In her first speech as prime minister in July, Theresa May cited Britain’s wage gap—”If you’re a woman you will earn less than a man”—as one of the “burning” injustices that she planned to fight against.
A new report out Tuesday illustrates just how tough a battle that will be.
The Institute for Fiscal Studies’ research found that women in the U.K. earn 18% less than men on average. That’s down from 23% in 2003 and 28% in 1993, but the wage gap remains stubborn, especially for the better educated. The hourly pay of higher-educated men and women has not shrunk at all in the last two decades. The declining pay gap is instead due to more women becoming highly educated and the reduction in the pay gap among the lowest-educated individuals.
(For comparison, in its database of countries’ gender wage gaps, the OECD pegs the United States’ at 17.91% and the U.K.’s at 17.48%, just below the IFS’s figure. New Zealand leads all OECD countries with a gap of just 5.62%.)
Tuesday’s IFS report also indicates that the gender wage gap in the U.K. balloons as workers enter their late 20s and early 30s—men’s wages continue to grow rapidly, while women’s plateau. That change is tied quite clearly to motherhood. The report says there is a gradual but continual rise in the wage gap after the arrival of a woman’s first child. By the time that kid is 12 years old, a woman’s hourly wages are a third below men’s.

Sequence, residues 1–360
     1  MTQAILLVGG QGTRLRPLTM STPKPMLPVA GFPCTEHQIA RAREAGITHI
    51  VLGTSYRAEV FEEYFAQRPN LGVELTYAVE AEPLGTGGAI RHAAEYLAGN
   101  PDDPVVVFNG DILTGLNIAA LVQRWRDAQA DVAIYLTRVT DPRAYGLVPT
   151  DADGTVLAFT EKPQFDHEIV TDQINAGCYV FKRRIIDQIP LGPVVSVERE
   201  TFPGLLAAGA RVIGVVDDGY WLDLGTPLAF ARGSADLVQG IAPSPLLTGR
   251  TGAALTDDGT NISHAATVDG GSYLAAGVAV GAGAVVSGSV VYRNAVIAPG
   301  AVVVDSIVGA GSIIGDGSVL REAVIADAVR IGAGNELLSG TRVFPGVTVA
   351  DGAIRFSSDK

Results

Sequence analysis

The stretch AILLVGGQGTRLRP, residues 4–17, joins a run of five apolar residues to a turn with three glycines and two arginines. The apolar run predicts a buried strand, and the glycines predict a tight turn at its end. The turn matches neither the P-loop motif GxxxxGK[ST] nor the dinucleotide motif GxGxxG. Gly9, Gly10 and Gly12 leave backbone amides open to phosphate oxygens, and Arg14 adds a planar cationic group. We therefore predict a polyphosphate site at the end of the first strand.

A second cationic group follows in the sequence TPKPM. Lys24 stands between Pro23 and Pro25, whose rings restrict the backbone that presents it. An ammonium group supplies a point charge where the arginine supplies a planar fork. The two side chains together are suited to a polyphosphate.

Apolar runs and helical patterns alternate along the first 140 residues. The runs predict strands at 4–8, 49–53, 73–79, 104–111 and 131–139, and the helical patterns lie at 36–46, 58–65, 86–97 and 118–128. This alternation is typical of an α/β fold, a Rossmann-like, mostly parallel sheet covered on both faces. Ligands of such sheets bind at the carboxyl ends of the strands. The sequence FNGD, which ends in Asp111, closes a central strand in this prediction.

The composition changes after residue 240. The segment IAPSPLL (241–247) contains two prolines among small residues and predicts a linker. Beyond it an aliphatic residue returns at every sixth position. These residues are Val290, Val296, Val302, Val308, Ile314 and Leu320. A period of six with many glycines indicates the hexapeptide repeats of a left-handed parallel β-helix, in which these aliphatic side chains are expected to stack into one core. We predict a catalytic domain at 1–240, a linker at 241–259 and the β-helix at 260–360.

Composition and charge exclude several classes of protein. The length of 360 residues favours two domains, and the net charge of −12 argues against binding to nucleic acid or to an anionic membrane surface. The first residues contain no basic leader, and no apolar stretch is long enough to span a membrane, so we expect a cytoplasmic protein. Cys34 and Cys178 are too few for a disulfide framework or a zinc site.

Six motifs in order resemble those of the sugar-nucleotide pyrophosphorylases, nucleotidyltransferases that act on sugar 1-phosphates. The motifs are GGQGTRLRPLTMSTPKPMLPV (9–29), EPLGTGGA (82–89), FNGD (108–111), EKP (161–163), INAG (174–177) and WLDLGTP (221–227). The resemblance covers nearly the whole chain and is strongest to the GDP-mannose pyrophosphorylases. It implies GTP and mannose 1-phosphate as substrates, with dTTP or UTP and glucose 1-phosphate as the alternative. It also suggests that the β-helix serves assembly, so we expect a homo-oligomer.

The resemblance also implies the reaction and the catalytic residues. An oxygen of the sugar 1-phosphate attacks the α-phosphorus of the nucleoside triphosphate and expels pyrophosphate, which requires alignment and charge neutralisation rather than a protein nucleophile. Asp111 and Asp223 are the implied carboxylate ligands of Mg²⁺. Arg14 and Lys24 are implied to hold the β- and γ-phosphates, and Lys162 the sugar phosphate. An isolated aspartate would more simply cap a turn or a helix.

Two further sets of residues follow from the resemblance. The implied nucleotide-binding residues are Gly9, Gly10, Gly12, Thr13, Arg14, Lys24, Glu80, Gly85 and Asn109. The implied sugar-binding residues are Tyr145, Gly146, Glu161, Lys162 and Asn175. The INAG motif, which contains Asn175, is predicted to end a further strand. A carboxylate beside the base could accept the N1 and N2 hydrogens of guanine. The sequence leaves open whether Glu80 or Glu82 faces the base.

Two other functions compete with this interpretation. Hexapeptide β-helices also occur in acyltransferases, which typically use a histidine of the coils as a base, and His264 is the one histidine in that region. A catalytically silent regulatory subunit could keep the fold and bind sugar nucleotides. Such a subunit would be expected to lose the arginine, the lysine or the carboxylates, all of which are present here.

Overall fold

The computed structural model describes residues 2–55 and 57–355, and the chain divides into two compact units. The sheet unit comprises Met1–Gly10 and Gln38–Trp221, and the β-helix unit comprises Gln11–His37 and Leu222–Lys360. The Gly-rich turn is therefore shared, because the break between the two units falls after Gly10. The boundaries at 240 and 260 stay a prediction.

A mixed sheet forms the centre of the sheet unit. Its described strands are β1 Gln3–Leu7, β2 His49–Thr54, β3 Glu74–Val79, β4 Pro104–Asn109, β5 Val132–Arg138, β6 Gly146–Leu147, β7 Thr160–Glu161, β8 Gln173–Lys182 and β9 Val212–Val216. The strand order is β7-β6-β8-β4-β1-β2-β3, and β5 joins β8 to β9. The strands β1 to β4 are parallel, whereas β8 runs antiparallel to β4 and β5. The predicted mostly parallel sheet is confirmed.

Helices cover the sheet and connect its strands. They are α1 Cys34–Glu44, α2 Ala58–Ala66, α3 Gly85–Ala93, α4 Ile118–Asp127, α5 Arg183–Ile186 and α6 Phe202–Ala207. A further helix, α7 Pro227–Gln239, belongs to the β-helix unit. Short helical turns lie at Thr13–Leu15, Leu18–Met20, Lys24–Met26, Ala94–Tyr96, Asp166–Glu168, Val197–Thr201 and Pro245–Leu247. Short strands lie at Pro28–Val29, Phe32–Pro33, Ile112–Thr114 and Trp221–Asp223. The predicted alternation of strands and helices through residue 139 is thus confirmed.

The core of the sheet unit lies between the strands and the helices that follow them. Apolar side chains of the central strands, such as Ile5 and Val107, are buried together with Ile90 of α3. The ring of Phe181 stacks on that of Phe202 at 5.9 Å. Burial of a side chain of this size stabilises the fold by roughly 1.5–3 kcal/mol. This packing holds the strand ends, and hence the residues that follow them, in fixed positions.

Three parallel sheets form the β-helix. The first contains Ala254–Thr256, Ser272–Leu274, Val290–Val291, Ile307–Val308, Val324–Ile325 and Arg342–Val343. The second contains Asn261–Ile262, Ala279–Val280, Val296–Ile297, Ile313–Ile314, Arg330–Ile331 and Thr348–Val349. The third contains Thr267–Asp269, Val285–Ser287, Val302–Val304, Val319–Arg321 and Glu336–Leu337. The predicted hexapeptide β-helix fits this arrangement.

If women leave paid work and then return, their hourly wages are 2% lower for every year they were not employed. That correlation is even worse—a 4% reduction—for women who have at least A-level qualifications, which U.K. students receive when they complete their secondary education. Interestingly enough, that relationship does not exist for lower-educated women, since they have less wage progression to miss out on when they take time off.
The IFS report is the second piece of bad news for working moms in the U.K. this week. On Monday, British charity Citizens Advice released a report concluding that women in the U.K. are increasingly concerned with workplace discrimination as it relates to maternity leave. The nonprofit recorded a 58% jump in the past two years in the number of women coming in for in-person consultations on the issue.
Theresa May’s vow to close the pay gap continues former prime minister David Cameron’s promise to end the disparity within a generation. The U.K. government has introduced new rules aimed at shrinking it, such as forcing companies with at least 250 employees to publish their pay gaps starting next year. It’s also providing more free childcare and shared parental leave, but there’s evidence that few fathers are taking it.